Applying for mortgage preapproval is probably the least exciting part of the mortgage process, but it’s an essential first step every new homebuyer should take. Getting a preapproval letter will let you know what kind of home you can afford, and it will give you an advantage when you’re negotiating with sellers.
However, keep in mind that a mortgage preapproval is not a guarantee. If you suddenly lose your job or your financial situation unexpectedly changes, then the previous offer will no longer stand. But it’s as close to a guarantee as you can get before finally closing on your home.
Why does it matter if I receive a preapproval letter?
It’s essential to get preapproved for your mortgage for a couple of reasons. First, it gives you a realistic picture of the type of house you can afford. And sellers will take your offer more seriously if you’ve already been preapproved for a mortgage.
What is the difference between a mortgage prequalification and preapproval?
Getting prequalified for a mortgage is much less thorough than a preapproval. Your lender won’t run a credit check, and they won’t review your finances as carefully. This makes it much less accurate than receiving a preapproval letter.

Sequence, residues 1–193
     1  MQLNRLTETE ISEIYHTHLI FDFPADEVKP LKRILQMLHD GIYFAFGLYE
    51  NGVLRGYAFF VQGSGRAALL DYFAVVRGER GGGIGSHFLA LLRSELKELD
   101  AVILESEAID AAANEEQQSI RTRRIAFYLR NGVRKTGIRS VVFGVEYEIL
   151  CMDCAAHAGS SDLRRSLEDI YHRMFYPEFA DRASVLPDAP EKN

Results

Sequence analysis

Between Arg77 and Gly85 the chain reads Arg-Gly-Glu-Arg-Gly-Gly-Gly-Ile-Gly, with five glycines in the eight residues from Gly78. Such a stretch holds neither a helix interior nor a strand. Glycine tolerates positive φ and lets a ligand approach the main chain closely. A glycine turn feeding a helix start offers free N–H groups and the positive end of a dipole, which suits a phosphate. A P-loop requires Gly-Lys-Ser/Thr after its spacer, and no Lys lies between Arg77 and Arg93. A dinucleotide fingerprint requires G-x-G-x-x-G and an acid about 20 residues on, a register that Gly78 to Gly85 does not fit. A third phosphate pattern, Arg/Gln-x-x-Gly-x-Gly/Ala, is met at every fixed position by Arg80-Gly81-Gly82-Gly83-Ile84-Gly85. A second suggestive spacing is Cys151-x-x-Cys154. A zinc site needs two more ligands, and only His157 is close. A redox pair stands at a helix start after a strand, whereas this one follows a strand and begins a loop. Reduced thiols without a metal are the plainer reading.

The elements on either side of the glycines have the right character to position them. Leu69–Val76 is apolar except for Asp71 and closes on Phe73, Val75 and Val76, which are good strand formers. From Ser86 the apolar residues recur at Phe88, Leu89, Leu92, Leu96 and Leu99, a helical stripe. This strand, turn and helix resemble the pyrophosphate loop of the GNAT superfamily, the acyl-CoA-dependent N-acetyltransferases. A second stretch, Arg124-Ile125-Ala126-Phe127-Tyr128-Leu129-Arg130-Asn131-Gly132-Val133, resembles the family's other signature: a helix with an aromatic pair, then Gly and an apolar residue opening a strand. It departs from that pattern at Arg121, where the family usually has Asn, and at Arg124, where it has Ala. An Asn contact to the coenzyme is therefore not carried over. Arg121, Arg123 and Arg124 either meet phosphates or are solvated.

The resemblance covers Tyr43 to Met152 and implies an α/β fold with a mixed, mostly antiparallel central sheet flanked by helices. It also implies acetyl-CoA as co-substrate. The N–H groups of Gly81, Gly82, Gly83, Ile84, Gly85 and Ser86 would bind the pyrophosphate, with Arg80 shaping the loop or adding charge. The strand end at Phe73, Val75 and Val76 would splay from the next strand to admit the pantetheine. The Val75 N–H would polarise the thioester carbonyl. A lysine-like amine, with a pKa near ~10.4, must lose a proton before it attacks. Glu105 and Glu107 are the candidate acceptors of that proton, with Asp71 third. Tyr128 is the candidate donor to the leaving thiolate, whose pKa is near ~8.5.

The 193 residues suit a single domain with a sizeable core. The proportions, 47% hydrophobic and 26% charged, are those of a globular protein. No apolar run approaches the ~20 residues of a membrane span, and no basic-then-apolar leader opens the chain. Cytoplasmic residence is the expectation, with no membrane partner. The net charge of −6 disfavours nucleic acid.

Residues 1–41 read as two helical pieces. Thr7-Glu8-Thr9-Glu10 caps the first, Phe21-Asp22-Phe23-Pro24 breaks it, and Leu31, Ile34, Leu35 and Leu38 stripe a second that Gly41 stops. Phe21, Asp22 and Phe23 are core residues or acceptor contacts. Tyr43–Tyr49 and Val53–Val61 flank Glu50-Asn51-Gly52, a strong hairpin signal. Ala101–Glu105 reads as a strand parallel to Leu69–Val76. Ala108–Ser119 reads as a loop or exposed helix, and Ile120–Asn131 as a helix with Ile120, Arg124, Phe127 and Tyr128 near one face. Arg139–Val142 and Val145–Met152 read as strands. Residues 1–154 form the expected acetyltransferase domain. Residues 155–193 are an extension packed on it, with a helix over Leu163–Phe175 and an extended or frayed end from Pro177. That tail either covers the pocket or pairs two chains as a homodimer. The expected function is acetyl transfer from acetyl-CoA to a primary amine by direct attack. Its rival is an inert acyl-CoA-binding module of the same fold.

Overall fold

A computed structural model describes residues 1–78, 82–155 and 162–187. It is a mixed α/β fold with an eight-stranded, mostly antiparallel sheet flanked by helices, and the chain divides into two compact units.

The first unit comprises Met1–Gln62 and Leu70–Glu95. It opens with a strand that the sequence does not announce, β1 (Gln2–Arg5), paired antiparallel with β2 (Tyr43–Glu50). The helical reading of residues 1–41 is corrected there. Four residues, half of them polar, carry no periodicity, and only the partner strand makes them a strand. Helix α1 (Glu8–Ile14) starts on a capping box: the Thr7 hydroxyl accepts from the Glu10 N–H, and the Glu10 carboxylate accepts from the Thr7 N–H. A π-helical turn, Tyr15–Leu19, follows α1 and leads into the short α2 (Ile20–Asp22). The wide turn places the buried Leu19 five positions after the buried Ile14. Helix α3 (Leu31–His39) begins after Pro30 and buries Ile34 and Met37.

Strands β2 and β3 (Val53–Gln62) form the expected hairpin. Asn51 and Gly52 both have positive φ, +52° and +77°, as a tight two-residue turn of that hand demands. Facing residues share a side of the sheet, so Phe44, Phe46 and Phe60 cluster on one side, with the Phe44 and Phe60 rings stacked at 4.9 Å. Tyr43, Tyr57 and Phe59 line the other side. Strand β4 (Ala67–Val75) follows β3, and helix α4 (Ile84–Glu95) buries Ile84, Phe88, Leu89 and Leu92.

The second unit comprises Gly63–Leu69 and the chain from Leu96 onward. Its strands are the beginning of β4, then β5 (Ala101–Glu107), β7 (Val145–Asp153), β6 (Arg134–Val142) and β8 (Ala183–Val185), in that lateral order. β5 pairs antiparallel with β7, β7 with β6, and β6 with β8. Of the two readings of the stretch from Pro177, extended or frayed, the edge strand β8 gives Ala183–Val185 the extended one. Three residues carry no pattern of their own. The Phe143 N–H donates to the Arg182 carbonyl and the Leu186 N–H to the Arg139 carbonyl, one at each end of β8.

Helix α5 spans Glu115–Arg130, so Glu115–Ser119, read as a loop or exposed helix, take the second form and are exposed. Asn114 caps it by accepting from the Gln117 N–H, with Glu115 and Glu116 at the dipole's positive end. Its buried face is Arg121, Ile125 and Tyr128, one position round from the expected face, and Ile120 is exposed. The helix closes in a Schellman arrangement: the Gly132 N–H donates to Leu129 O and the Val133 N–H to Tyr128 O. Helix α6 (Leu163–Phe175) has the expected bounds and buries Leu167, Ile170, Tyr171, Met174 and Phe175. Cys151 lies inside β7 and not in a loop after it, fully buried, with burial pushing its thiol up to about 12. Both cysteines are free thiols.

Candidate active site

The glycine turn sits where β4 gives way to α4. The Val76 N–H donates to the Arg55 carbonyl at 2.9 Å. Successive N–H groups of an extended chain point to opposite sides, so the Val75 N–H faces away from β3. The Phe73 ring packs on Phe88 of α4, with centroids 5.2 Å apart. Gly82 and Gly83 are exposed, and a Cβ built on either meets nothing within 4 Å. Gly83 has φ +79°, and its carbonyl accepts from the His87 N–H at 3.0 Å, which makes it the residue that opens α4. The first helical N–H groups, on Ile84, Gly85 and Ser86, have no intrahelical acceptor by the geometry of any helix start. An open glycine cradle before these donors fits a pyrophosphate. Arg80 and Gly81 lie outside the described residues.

If you go through the process of getting preapproved, then it’s likely you’ll be able to close on a home, unless something drastic happens. But if you’ve only been prequalified, your offer could change once the lender does a more in-depth credit check and financial review.
When should I get preapproved?
You should get preapproved before you start looking at homes. That way, you’ll know what kind of home you can afford before you start shopping for a new home.
Will getting preapproved for a mortgage hurt my credit score?
Prior to preapproval for a mortgage loan, your lender conducts a hard inquiry on your credit report. Typically, this can hurt your credit score slightly. However, multiple hard inquiries for a home loan shouldn’t hurt your credit score.